SAN DIEGO — The Qualcomm Board of Directors Thursday unanimously rejected a revised $121 billion buyout offer from Broadcom.
Though the deal would have been the largest ever in the electronics industry, the Qualcomm board chairman in a letter wrote that Broadcom’s $82-per-share offer was “inadequate” because it undervalued the San Diego-based chipmaker and would come with regulatory uncertainty. But the board is open to meeting with Broadcom leaders in a commitment “to exploring all options for maximizing shareholder value.”
This was the latest offer to be rejected by Qualcomm. Broadcom earlier this week said the deal was its “best and final” offer and one that CEO Hock Tan told the New York Times “any rational board would consider.”
In his letter, Qualcomm board Chairman Paul E. Jacobs said he would like to hear if Broadcom is willing to pay a higher per-share price, one that takes into account the value of Qualcomm’s purchase of NXP Semiconductors, the licensing disputes Jacobs believes will resolve in Qualcomm’s favor and the opportunity presented for the company in the development of 5G, the next generation of cell phone technology.
The board also said it would be “extremely important” that Broadcom commits to any means necessary of clearing the likely regulatory hurdles it would face with the purchase.
“If Qualcomm entered into a merger agreement and, after an extended regulatory review period the transaction did not close, Qualcomm would be enormously and irreparably damaged,” Jacobs wrote. “If you are not willing to agree to do whatever is necessary to ensure a transaction closes, we will need you to be extremely clear and specific about exactly what actions you would refuse to take, so that we can properly evaluate the risk to Qualcomm’s shareholders.”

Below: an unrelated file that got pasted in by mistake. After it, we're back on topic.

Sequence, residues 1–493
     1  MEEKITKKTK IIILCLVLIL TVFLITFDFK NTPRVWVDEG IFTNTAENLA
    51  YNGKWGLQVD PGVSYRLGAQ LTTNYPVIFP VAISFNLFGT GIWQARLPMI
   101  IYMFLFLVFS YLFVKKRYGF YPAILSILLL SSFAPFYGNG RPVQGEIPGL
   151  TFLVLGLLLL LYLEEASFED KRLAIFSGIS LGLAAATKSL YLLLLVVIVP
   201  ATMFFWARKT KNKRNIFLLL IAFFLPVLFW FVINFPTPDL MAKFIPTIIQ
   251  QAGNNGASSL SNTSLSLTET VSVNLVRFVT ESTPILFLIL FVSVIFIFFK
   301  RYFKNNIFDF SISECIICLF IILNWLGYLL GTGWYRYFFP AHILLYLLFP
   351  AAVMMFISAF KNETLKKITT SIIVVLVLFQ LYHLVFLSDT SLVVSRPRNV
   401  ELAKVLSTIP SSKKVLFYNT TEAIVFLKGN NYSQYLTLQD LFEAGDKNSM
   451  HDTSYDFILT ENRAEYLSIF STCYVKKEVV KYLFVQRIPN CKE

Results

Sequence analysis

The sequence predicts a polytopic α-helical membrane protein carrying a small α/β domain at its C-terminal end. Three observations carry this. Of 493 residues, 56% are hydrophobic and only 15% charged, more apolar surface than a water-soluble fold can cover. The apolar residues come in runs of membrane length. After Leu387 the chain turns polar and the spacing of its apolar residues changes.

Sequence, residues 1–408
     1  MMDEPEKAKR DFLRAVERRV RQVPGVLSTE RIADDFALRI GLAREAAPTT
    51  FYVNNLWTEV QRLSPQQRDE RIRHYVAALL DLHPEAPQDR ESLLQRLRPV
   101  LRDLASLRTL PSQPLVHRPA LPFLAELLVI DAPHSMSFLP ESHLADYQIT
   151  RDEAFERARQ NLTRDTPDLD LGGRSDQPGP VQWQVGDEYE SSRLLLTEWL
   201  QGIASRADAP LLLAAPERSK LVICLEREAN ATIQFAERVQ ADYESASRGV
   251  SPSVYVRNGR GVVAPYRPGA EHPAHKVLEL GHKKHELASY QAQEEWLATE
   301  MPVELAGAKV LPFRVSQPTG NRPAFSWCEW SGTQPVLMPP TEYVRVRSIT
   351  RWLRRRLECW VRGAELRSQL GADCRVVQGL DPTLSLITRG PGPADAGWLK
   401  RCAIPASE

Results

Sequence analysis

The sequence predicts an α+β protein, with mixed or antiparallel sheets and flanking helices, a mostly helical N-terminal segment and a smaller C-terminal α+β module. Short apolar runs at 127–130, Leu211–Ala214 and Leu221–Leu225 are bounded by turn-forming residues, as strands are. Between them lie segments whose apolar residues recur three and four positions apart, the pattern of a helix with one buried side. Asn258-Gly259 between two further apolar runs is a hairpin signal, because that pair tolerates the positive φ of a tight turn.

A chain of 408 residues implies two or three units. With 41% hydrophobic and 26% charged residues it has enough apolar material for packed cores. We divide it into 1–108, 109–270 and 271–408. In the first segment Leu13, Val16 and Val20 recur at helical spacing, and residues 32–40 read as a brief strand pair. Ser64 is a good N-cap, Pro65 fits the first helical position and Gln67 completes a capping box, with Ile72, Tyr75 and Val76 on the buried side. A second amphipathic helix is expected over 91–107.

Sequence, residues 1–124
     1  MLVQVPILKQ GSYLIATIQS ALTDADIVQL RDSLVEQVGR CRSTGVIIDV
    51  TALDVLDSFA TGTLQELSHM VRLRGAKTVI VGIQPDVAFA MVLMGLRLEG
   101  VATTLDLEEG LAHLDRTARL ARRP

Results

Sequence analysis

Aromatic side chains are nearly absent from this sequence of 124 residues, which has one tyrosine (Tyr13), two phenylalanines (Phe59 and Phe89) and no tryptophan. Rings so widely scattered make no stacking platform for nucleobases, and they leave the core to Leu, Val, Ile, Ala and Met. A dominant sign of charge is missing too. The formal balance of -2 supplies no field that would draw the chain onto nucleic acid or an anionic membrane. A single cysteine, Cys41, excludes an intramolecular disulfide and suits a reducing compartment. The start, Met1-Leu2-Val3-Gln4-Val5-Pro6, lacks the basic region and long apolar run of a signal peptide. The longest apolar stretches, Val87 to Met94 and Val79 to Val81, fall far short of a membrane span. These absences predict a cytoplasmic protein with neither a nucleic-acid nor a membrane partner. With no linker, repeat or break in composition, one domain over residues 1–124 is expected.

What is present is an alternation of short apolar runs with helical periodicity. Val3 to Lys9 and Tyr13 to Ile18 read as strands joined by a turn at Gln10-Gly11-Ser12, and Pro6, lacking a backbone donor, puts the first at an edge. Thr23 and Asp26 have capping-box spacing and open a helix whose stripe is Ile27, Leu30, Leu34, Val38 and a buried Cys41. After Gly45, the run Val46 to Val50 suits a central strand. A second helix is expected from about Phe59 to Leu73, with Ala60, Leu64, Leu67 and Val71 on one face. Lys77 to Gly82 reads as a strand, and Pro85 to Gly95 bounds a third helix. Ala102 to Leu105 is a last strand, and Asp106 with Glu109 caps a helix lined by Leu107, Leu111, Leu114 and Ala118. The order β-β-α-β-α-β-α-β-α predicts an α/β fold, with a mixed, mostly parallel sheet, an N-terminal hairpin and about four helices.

Like the deal rejected by the Qualcomm board in November, this one would have paid Qualcomm shareholders $60 per share in cash. But the latest offer included an increase in Broadcom stock that would be paid to Qualcomm shareholders — $22 per share, up from $10.
Broadcom is incorporated and currently based in Singapore, but Tan announced late last year while visiting President Donald Trump at the White House that the company would return its corporate headquarters to the U.S., using San Jose as a base.
Buying Qualcomm would make Broadcom the third-largest chip maker, behind Intel Corp. and Samsung Electronics Co. The combined business would become the default provider of a set of components needed to build each of the more than one billion smartphones sold every year.
The company’s hostile takeover attempt has come at a vulnerable time for Qualcomm, which has been embroiled in a long-running legal dispute with Apple and is facing several large fines from governing bodies across the globe. The most recent such fine levied against the San Diego company came from the European Union, which accused Qualcomm of breaking the EU’s antitrust laws to the tune of $1.23 billion. Qualcomm said it would challenge that fine.
If Broadcom is ultimately successful in its takeover attempt, the impact on San Diego could be severe. Qualcomm is one of the few major corporations with a global reach to be headquartered in a city known mainly for tourism, and smaller defense and life sciences firms.
The company is one of the region’s largest private employers, and the family of co-founder Irwin Jacobs is one of the area’s most generous philanthropists.